The world’s second most populous country is grappling with its biggest public health emergency after it lowered its guard when coronavirus infections fell to a multi-month low in February, health experts and officials say.
On Tuesday, the health ministry reported 259,170 new infections, the world’s highest daily rate. It has reported daily infections above the 200,000 mark for six days.
Total coronavirus cases in India are now at 15.32 million, second only to the United States.
Delhi, the capital city which has seen a surge in cases, began a six-day lockdown late on Monday that officials hope will slow the virus transmission and relieve the pressure on the health infrastructure.
People in Delhi and in towns of Uttar Pradesh, India’s most populous state, put out desperate calls for help on Twitter, asking for assistance getting their families into hospitals. Others reported dire shortage of oxygen and the anti-viral drug Remdesivir.
“(A) monumental tragedy of epic proportions is unfolding across India. No hospital beds, no oxygen, no vaccination,” said Manish Tewari, an opposition lawmaker, on Twitter.
India has lost 180,530 people to the disease, still quite a distance from the 567,538 deaths reported in the United States. But experts have warned that the official death toll does not reflect ground reality and that it could sharply rise as doctors struggle to cope with the pressure.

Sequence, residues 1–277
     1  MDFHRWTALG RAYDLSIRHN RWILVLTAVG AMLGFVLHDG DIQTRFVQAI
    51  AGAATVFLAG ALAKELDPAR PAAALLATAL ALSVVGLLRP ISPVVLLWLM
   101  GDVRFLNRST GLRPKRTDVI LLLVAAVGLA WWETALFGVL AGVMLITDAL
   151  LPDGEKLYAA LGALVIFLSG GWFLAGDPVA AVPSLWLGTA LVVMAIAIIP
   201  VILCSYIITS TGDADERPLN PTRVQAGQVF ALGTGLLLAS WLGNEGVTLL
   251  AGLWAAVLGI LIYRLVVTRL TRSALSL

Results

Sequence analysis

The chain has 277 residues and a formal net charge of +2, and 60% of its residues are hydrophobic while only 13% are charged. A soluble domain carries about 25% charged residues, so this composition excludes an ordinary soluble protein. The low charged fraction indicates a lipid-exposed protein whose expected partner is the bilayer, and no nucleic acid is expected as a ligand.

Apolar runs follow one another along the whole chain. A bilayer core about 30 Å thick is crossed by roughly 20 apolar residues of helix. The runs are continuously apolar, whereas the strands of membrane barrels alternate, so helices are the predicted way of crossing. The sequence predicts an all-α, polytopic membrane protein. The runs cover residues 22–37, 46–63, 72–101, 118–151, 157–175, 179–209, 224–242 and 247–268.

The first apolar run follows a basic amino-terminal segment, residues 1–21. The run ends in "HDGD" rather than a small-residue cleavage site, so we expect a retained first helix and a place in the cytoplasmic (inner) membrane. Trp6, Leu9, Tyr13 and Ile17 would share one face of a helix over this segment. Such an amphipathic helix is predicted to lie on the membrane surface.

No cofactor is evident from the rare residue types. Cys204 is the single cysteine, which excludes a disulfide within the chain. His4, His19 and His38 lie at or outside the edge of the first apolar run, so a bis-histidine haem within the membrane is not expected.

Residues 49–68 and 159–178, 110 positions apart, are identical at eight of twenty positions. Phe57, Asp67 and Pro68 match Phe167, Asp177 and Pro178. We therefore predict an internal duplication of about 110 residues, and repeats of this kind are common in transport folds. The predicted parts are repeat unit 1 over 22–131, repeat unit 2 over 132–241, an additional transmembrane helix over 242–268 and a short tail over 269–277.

“The huge pressure on hospitals and the health system right now will mean that a good number who would have recovered had they been able to access hospital services may die simply because of this,” said Gautam I. Menon, a professor at Ashoka University.
Several major cities are already reporting far larger numbers of cremations and burials under coronavirus protocols than official COVID-19 death tolls, according to crematorium and cemetery workers, the media and a review of government data.
Migrant worker Anshul Kumar, 26, cries as he lost his money at a bus station, after Delhi government ordered a six-day lockdown to limit the spread of the coronavirus disease (COVID-19), in Ghaziabad on the outskirts of New Delhi, India, April 19, 2021. REUTERS
Bhramar Mukherjee, a professor of biostatistics and epidemiology at the University of Michigan, said many parts of India were in “data denial”.
“Everything is so muddy,” she said. “It feels like nobody understands the situation very clearly, and that’s very irksome.”
Stung by criticism that the government had failed its people, Prime Minister Narendra Modi ordered vaccinations on Monday for anyone above the age of 18 to be given from May 1.
The administration said vaccine manufacturers would have to supply 50% of doses to the federal government, and the rest to state governments and to the open market at a pre-declared price.
So far, 108.5 million people have received a first dose of the COVID-19 vaccine, according to a government portal, a small portion of India’s 1.3 billion population.
The US Centres for Disease Control and Protection has said all travel should be avoided to the country, while Britain said it will add India to its travel “red-list”.